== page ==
Thursday, February 19, 2009

NATO CAN'T ALLOW AFGHAN FAILURE

Nato 'can't allow Afghan failure'
Nato Secretary General Jaap de Hoop Scheffer has said that failure in Afghanistan is "not an option" but he ruled out a military solution alone.

Speaking at a meeting of Nato and partner defence ministers in Krakow, Poland, he said: "We cannot afford the price of failure."

But the military effort should go hand-in-hand with reconstruction and redevelopment work, he argued.

"We should not be under any illusion there is a military solution," he said.


US Defense Secretary Robert Gates has meanwhile said America will consider paying more rent to continue using a strategic air base in Kyrgyzstan which is key to its Afghan operations.

News that the Kyrgyz parliament has voted to close the US base at Manas has overshadowed the talks in Krakow, which Mr Gates is attending.

Concerned about a resurgence of the Taleban in Afghanistan, the US said this week it would send an additional 17,000 troops to the country and would ask Nato to provide more troops ahead of a general election in August.

'Not an island'

"We cannot afford the price of failure in Afghanistan," said Mr Scheffer.


"Instability in an already highly unstable region, a safe haven for international terrorism and massive suffering for the Afghan people is simply too much to accept."

Mr Scheffer said the countries contributing to Isaf (the International Security Assistance Force in Afghanistan) needed to work together much more closely.

"We, the Isaf nations, must provide more forces, more trainers and an action support in a more joined-up approach," he told reporters.

"We need a regional approach because Afghanistan is not an island. We need a greater civilian effort, married up more effectively with our military operations if we are not to waste precious time and resources.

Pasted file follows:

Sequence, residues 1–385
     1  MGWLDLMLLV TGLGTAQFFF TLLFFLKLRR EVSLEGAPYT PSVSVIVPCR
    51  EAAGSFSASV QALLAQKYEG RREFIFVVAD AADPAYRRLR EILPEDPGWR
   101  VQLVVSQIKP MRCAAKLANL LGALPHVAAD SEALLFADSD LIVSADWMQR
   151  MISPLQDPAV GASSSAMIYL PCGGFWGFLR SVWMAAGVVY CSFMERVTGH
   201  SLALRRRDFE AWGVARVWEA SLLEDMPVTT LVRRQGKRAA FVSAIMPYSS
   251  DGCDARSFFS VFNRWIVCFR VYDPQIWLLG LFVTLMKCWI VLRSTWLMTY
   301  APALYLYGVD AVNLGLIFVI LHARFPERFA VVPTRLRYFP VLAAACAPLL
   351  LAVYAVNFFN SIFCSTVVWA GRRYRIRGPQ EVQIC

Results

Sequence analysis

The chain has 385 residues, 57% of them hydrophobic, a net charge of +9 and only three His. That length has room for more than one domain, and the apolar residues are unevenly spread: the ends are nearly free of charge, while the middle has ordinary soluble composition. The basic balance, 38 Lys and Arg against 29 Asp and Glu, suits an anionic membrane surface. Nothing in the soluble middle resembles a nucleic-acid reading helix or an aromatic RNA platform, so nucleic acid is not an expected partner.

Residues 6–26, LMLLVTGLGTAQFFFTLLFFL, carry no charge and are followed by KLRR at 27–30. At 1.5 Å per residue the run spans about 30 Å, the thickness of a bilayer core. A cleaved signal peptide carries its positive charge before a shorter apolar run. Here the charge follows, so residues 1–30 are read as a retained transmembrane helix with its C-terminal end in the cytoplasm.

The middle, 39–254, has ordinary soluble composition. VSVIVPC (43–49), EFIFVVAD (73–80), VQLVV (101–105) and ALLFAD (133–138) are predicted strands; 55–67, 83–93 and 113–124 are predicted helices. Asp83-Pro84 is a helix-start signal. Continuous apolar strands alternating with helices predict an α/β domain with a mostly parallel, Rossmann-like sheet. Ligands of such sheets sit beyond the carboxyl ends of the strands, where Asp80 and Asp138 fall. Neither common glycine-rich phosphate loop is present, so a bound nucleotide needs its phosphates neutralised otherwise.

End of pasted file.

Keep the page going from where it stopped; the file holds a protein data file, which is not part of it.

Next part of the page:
"And we need a stronger communications effort to show the good we are doing and the heinous crimes the extremists are committing."

Troop limits

Mr Gates said the Manas base was not irreplaceable. The Pentagon would consider "a somewhat larger payment but we're not going to be ridiculous about it", he added.

Earlier, he said the new US administration was prepared to make additional commitments to Afghanistan but expected other allies to do more too.

The 17,000 increase will bring the number of US forces in Afghanistan to more than 50,000.

The US has already deployed about 24,900 troops to serve with Isaf plus about 17,000 under sole US command.

However, there is a growing realisation in the US and the UK that allies such as Germany, France and Italy are unlikely to offer significant numbers of extra combat forces, or change the nature of their missions, says the BBC's Caroline Wyatt in Krakow.


But those countries unwilling or unable to send more combat troops will also be pushed for extra help and funding on the civil side, focussing on governance, police training and the fight against drugs, our correspondent says.

On a visit to Canada, which is due to withdraw its 2,800 combat troops from Afghanistan by 2011, US President Barack Obama said he had not pressed Prime Minister Stephen Harper for an extension of the Canadian combat mission.

Missile shield unresolved

On a separate issue, Mr Gates said the new Obama administration had not decided what to do about a proposed Europe-based missile shield to which Russia objects.

Washington needed a little time to look at the plan laid out by former President George W Bush to place missile interceptors and radar in Poland and the Czech Republic as protection against a possible strike from Iran, he was quoted as saying by the Associated Press.

Russian Foreign Minister Sergei Lavrov said on Thursday that Moscow hoped the new US administration would take a "more realistic" approach to arms control talks.

Such an approach would "correspond to the interests of strategic stability from the point of view of the international community's security", he said in Moscow.

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